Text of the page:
Friday, 14 September 2007

Day 10 The worst country on the planet

As per usual it was an early start despite the hangovers of the previous night. We said our goodbyes to Louis and took note of his completely useless directions and left. As usual we were in a foreign city so we had to get completely and utterly lost but after a few stops for directions we were on the right road.

An Extremely unimpressed and un helpful Georgian women

We reached the Azerbaijan border at about 8.30, to find it wasn't open for another hour. While waiting, we witnessed an argument between two locals which resulted in one chasing the other round in circles with a knife. It was touch and go as to how it would end, fortunately no one got hurt. Also while we were waiting a British Mitsubishi Pagero rolled up with four guys who were travelling round the Caspian Sea. They had similar amazing tales to tell, they had spent the previous day at a race tracking with street racers from Tbilisi and one of them had crashed one of the local's cars.

The border soon opened and we left Georgia with not little trouble, it was the Azerbaijan border that caused us massive problems. They kept us waiting around for ages and then they took all 3 of the cars documents to process at once, of course it was immediately obvious that we were missing the correct V5 form. As I had been sitting in the small office there waiting for the offical to fill out the required forms, locals had been barging in to get themselves processed ahead of us. Some had the right documents, some didn't so they would bring cash or booze or both, so as soon as he refused us entry to the country I pulled out 20 dollars and slid it across the desk, he then wrote on his pad 40 and I had little choice put to agree. Several hours later and well into the sweltering mid afternoon we were through only to get a mile down the road and get stopped at a police check point. They took our documents up to their look out post, wrote our names in a book and then told us we had to pay road tax. We told them in no uncertain terms NO, took our documents and left.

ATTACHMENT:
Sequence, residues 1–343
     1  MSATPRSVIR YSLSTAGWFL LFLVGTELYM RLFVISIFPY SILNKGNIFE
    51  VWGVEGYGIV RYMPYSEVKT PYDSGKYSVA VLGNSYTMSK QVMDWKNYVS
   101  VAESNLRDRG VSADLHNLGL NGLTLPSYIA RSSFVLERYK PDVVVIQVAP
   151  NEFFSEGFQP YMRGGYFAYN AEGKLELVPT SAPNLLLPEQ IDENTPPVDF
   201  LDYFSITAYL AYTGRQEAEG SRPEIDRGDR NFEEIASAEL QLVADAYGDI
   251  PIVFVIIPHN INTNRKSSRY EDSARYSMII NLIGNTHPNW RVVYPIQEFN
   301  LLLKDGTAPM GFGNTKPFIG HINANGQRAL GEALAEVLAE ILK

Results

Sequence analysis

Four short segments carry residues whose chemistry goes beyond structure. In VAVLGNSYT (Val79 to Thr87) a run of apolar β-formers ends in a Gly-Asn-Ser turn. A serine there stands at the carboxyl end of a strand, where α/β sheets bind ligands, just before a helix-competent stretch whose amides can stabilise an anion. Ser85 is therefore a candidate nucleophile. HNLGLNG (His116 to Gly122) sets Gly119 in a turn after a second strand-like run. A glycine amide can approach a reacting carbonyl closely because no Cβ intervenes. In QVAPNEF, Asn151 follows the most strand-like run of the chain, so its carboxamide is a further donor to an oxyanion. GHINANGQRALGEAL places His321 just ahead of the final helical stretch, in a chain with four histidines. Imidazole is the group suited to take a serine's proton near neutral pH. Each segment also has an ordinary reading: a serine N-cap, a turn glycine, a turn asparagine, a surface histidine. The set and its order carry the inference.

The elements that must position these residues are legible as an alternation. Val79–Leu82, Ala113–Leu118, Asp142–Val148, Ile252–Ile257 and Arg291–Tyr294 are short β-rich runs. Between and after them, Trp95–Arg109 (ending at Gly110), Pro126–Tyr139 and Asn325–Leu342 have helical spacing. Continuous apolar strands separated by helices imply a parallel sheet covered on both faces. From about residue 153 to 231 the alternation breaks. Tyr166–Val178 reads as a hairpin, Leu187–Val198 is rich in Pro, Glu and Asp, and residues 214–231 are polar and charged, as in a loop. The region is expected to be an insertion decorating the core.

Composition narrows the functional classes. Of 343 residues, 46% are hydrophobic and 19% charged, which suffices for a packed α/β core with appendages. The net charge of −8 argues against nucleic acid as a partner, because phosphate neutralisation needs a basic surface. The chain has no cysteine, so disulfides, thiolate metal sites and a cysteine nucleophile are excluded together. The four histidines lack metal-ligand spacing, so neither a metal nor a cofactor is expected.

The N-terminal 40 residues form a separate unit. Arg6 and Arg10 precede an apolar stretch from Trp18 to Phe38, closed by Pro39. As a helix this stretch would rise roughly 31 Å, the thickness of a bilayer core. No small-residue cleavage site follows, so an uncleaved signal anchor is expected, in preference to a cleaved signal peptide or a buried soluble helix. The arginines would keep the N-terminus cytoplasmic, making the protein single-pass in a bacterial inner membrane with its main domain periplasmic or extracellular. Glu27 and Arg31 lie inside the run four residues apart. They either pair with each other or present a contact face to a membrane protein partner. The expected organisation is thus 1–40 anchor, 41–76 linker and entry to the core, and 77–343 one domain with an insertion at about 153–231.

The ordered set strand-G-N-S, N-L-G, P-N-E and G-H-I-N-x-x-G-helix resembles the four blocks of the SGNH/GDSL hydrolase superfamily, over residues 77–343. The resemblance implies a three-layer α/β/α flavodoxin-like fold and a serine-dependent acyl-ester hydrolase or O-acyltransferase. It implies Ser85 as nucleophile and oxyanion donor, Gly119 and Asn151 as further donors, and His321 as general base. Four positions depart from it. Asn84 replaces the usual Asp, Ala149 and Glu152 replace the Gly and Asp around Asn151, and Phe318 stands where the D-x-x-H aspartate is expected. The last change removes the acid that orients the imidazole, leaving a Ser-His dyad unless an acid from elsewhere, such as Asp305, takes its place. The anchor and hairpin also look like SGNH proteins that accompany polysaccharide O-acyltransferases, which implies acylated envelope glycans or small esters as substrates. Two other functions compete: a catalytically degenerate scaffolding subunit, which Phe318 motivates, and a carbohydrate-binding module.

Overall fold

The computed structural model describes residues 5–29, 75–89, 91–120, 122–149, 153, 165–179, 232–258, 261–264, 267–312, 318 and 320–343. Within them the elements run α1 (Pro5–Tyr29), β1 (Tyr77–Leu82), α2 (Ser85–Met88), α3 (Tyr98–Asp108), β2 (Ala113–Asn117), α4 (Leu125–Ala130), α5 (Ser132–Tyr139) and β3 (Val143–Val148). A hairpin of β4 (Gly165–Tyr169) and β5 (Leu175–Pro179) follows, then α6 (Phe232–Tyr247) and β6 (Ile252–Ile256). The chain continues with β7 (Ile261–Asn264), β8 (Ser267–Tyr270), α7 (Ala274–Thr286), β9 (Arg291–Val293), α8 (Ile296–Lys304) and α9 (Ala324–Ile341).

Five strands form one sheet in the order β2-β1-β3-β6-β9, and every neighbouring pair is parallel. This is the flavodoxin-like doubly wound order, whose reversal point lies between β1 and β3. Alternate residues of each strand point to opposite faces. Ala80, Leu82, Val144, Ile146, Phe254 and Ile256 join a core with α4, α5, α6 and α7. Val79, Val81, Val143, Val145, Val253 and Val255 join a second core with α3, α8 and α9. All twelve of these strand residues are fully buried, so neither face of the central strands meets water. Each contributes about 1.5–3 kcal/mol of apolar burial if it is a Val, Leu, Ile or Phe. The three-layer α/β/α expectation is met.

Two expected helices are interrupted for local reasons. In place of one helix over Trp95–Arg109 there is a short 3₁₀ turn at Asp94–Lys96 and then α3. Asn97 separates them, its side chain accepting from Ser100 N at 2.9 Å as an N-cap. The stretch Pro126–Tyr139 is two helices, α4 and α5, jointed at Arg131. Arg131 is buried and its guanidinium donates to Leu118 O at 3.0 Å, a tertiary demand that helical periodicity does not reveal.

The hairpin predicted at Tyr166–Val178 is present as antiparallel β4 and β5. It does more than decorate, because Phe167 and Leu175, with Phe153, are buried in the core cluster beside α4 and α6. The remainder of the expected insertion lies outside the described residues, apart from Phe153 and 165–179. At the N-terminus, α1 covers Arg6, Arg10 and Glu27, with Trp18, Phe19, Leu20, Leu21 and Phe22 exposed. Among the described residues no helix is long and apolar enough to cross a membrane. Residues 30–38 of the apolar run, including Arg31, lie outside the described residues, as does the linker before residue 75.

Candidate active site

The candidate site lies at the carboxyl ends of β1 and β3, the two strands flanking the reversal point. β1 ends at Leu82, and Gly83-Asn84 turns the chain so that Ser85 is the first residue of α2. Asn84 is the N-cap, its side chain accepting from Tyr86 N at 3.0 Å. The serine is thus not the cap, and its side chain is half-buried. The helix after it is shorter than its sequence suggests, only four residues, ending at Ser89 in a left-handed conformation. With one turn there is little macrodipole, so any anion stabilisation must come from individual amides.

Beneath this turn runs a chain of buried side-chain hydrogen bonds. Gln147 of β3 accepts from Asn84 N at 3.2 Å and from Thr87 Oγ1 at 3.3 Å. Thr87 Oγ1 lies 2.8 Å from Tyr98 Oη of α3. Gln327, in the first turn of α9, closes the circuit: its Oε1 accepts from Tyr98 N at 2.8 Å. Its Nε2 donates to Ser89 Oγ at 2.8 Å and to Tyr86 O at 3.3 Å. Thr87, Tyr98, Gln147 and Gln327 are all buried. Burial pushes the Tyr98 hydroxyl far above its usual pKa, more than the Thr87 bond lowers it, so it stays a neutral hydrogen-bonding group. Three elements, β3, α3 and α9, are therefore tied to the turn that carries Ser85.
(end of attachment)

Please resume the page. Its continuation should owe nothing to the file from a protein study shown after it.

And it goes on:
There were police everywhere, they would hide in the shade of trees just before towns with speed guns, the limit changed as you entered the towns and you would no doubtedly be going too fast. Each of the 3 cars got pulled costing us a range between 5 and 20 dollars to escape without further trouble, sometimes you wouldn't

The roads were on the whole good, but we reached points where they were still under construction forcing us onto sandy tracks filled with large lorries, pot holes and ditches. The Pajero unfortunately hit a young calf which was attempting to cross the road, we didn't stop as we were in sight of a Police check point and there was no chance we were going get charged some trumped up charge.

We were out of money and had been borrowing off Go North, we had tried to pay with Dollars but no one excepted and we were running out of petrol fast. We reached a town with a bank and it had a cash machine outside. I went over and tried to use it, only to find that the keypad was electrified and everytime I press a button I would get shocked. My card was in so there was only one way to get it out and that was to keep pressing, the machine suddenly turned off and two security guards came out. They made it clear that we couldn't use the machine, I got my card back when it turned back on and we went inside to the counter. We tried to ask if they would take Mastercard or Maestro, they didn't and we were forced to borrow more money off Go North and exchange it which took a whole load of negotiating in itself.

Eventually we reached Baku around 10pm, the drive in again was terrible, completely lost and with bad roads and horrific drivers. We tried to stop at a 24 hour money exchange and again wouldn't take Mastercard despite having a sign for it.

We finally found the port after asking for directions with a picture of a boat with a car on drawn by Dan. We still managed to miss it several times, the only car and freight ferry in the major port of Baku has no signpostings and is down a dirty little side road.

There were guards there who found us a lovely bit of waste land on the waters edge where we could pitch our tents, how generous!!

1 comment:

Shane said...

Have you anything good to say? You're doing what thousands of people in the world would love to do, an exciting road trip across half the world and all you can do is bitch and moan about everything. Jesus, you bore me to death. The whole trip is wasted on the likes of you. It's as if you expect the entire world to run like a modern western democracy.

Cop on and open your eyes.